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Report: 2021 a record year for space start-ups

April 14, 2022

By Chris Forrester

Bryce Tech, in its annual review of investment in commercial space ventures, says that last year was a record in terms of investment in space start-ups.

Start-up space companies attracted more than $15 billion in total financing during 2021, shattering the $7.7 billion record set in 2020. The number of recipients and deals both increased nearly 50 per cent, while the average deal size grew 35 per cent.

Bryce says the significant increase in investment was driven by several trends including:

• The continuation of large amounts of private capital into start-up space ventures (especially from larger and more frequent late-stage investments). Venture capital investment grew 82 percent. The total number of VC deals grew 54 percent. Since 2016, the average VC deal size in space has steadily increased to $75 million.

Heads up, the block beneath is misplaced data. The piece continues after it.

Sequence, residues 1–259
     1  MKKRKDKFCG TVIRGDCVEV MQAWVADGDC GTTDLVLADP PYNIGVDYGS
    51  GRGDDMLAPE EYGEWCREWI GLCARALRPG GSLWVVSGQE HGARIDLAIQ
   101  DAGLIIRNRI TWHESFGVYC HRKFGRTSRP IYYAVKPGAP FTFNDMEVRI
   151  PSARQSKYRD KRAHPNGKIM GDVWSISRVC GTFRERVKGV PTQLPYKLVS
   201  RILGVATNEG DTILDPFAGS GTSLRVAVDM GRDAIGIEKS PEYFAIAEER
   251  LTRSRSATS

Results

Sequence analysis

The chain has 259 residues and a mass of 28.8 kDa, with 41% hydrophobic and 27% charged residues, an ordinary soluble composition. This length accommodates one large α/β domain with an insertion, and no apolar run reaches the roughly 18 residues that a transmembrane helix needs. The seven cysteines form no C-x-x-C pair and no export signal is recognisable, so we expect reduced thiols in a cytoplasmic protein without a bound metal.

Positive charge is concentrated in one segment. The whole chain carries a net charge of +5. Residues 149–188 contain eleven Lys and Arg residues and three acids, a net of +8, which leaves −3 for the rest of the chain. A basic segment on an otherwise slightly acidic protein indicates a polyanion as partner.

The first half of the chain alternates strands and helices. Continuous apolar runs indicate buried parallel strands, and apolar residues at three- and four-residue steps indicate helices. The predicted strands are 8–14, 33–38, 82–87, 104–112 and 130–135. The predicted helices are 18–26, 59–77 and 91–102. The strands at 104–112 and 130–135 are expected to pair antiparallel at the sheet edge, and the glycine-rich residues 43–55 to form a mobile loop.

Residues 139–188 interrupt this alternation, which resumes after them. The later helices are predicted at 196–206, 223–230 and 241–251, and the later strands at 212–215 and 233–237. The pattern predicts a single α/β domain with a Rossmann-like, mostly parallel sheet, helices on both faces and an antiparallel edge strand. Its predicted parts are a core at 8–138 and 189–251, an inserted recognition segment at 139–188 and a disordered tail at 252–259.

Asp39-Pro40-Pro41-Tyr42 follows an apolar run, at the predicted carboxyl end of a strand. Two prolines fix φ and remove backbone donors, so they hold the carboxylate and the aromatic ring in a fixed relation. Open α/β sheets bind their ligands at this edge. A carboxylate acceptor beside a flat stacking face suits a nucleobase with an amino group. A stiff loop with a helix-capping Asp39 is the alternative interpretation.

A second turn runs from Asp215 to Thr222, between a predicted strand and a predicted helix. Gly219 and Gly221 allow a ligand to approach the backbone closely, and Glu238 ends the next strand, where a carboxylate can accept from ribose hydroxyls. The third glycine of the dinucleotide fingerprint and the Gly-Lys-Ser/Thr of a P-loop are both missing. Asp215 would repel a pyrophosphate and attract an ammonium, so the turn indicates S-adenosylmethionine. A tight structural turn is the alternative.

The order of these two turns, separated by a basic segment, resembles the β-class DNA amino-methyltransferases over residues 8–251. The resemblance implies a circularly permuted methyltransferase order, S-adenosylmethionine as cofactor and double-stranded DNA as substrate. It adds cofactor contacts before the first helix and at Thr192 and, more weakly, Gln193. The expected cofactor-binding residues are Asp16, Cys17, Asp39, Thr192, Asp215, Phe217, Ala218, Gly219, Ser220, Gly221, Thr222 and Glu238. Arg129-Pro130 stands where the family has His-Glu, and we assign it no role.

• The emergence of public markets as a significant source of funding (10 space start-ups went public via special purpose acquisition companies in 2021, raising nearly $4 billion).

• A record number of mergers and acquisitions (13 in 2021) were driven by space-focused holding companies, recently public space companies, and legacy space incumbents.

The report illustrates a record-setting year for start-up space funding and discusses how future performance risks remain for some space ventures, due to unproven business models, uncertain customer bases, and typically lengthy time horizons for space businesses to mature.

Bryce gives some key examples, including SpaceX which received an estimated $1.8 billion in VC investment in 2021, the most by any single company. Reports from SpaceX’s most recent funding round estimate the company’s valuation exceeded $100 billion. OneWeb received $1.5 billion in VC funding in 2021, largely supported by corporate venture activity from Bharti Enterprises and Eutelsat.

Sierra Space, the space-focused spin-off of Sierra Nevada Corporation, raised $1.4 billion in a venture round for the continued development of its reusable spaceplane, DreamChaser, as well as its large integrated flexible environment (LIFE) module, an inflatable habitat designed to support crewed on-orbit activities. Other companies attracting large infusions of venture capital during 2021 included small launch providers Relativity Space, raising $650 million, and ABL Space Systems, raising $370 million, respectively.

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